Stumps for Feet – 13th July 2019

Our plan whilst in London was to visit locations we have not been to before and we started off with a bound in our step. We were out pavement pounding by 9.30am.

We caught the bus down to the Camden Markets which was about 20 minutes away from where we are at in Paddington Basin. It is great if you can get those front seats up top but alas they are like gold.

It wasn’t Toques first experience on a double decker bus as back in 2016 she had done Hop On and Hop Off buses in Liverpool and Stratford Upon Avon. She got lots of attention bestowed upon her by other passengers.

The Camden Markets are quite unique in that they are on the side of the Regents Canal as this area was full of warehouses which would have been full of goods and produce coming down from the north and heading out to the docks of London. It is set among old stables which would of held the horses for the Hanson cabs back in the day plus the horses for the wharf and canal. There use to be an enormous horse hospital on the site and according to the literature, many an old horse saw out its last days here.

Lots of different stalls to wander amongst and lots of people to try to avoid. We needed to carry Toque around as it was all too overwhelming for her.

This is a very well known spot at the Camden markets for gongoozlers and we will come down this way on Wednesday as we head to Limehouse down on the Thames River near Tower Bridge.

We then proceeded to make our way back to Paddington Basin by firstly walking through Regents Park where we had never been before. This beautiful wide promenade where you could imagine the wealthy and privileged strolling, riding horses and in elegant carriages.

The work and care of the flower gardens gave up a excellent vista and aroma.

This particular rose of which there was no identification had not only dual colours but had a dual smell. If no one had been looking Di would have pinched one. The Rose Garden was quite the pleasant assault on the oldfactory sense.

There were a number of entrances and exits to the garden and many with very ornate gates. Each one of course were named after the aristocracy.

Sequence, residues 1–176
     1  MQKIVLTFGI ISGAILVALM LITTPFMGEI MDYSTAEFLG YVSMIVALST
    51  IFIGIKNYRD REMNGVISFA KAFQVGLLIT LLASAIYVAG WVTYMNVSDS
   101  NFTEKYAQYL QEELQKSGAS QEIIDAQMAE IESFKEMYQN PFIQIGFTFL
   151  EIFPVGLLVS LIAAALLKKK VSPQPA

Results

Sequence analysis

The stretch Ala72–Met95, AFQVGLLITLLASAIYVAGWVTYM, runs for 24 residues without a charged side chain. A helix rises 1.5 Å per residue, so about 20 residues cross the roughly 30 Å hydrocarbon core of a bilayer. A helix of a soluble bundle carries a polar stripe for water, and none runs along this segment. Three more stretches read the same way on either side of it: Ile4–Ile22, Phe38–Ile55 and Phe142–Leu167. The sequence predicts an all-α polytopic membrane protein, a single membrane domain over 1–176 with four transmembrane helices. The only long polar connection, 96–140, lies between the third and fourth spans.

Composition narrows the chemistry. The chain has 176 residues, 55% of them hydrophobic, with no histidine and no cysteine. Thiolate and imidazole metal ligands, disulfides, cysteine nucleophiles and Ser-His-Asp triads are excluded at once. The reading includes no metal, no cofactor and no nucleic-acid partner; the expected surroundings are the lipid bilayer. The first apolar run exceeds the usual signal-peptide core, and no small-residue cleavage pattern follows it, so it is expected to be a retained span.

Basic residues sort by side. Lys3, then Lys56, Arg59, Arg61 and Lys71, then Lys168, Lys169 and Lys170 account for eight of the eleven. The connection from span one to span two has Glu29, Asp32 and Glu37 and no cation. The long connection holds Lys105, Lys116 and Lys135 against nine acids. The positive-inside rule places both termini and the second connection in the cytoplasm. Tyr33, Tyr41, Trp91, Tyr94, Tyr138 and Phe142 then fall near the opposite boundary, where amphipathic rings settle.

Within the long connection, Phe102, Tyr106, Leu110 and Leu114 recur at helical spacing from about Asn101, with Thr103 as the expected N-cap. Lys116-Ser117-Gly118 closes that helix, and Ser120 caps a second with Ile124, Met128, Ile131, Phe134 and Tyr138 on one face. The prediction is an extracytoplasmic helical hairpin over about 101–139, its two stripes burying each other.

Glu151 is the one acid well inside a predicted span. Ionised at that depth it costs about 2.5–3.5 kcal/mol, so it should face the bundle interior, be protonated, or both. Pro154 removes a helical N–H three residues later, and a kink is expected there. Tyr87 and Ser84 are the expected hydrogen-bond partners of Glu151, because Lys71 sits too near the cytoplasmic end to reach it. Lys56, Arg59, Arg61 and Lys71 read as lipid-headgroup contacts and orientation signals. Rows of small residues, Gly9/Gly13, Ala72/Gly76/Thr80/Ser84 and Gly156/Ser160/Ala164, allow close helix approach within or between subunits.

Now this scene is quintessentially British. A bandstand with deck chairs (£1.40/hr hire rate) beside the lake in the park. One important item missing is the shirtless Brit with his hanky on his head with each corner in a knot!

Once out of the park we walked to Baker Street to view 221 Baker Street.

We were stunned to see the huge queues of people waiting to go through the Sherlock Holmes museum. A photo was more than sufficient for us.

We found the man himself outside the Baker Street tube station.

Then there was this little beauty. There was an altercation between a Bentley and a Porsche with both of them getting the most minor of scratches. They pulled off the intersection to exchange details when the Porsche hit the high kerb and blew his low profile front tyre with a huge bang. He really was having a bad day.

We got back to Paddington Basin after having covered nearly eight kilometres for some lunch and to put our feet up for a while.

After a short rest Fraser decided to pop out again as he wanted to go to Lords to see if there was much happening at the ground in preparation for tomorrow’s big game.

Unfortunately the whole place was closed off and he could only glimpse through the bars of the gates.

His wanderings brought him past this magnificent row of terrace houses. There is a lot of concern in places like London and Bath where these lovely homes have been bought by wealthy international people and are very rarely lived in. They are ending up with streets of these empty houses which are called ghost streets. Not sure if there is much they can do about it.

The rest of our day was spent watching the women’s Wimbledon final and resting our feet in preparation for another day of full walking. Toque wasn’t too interested in doing much except catching up on her sleep.

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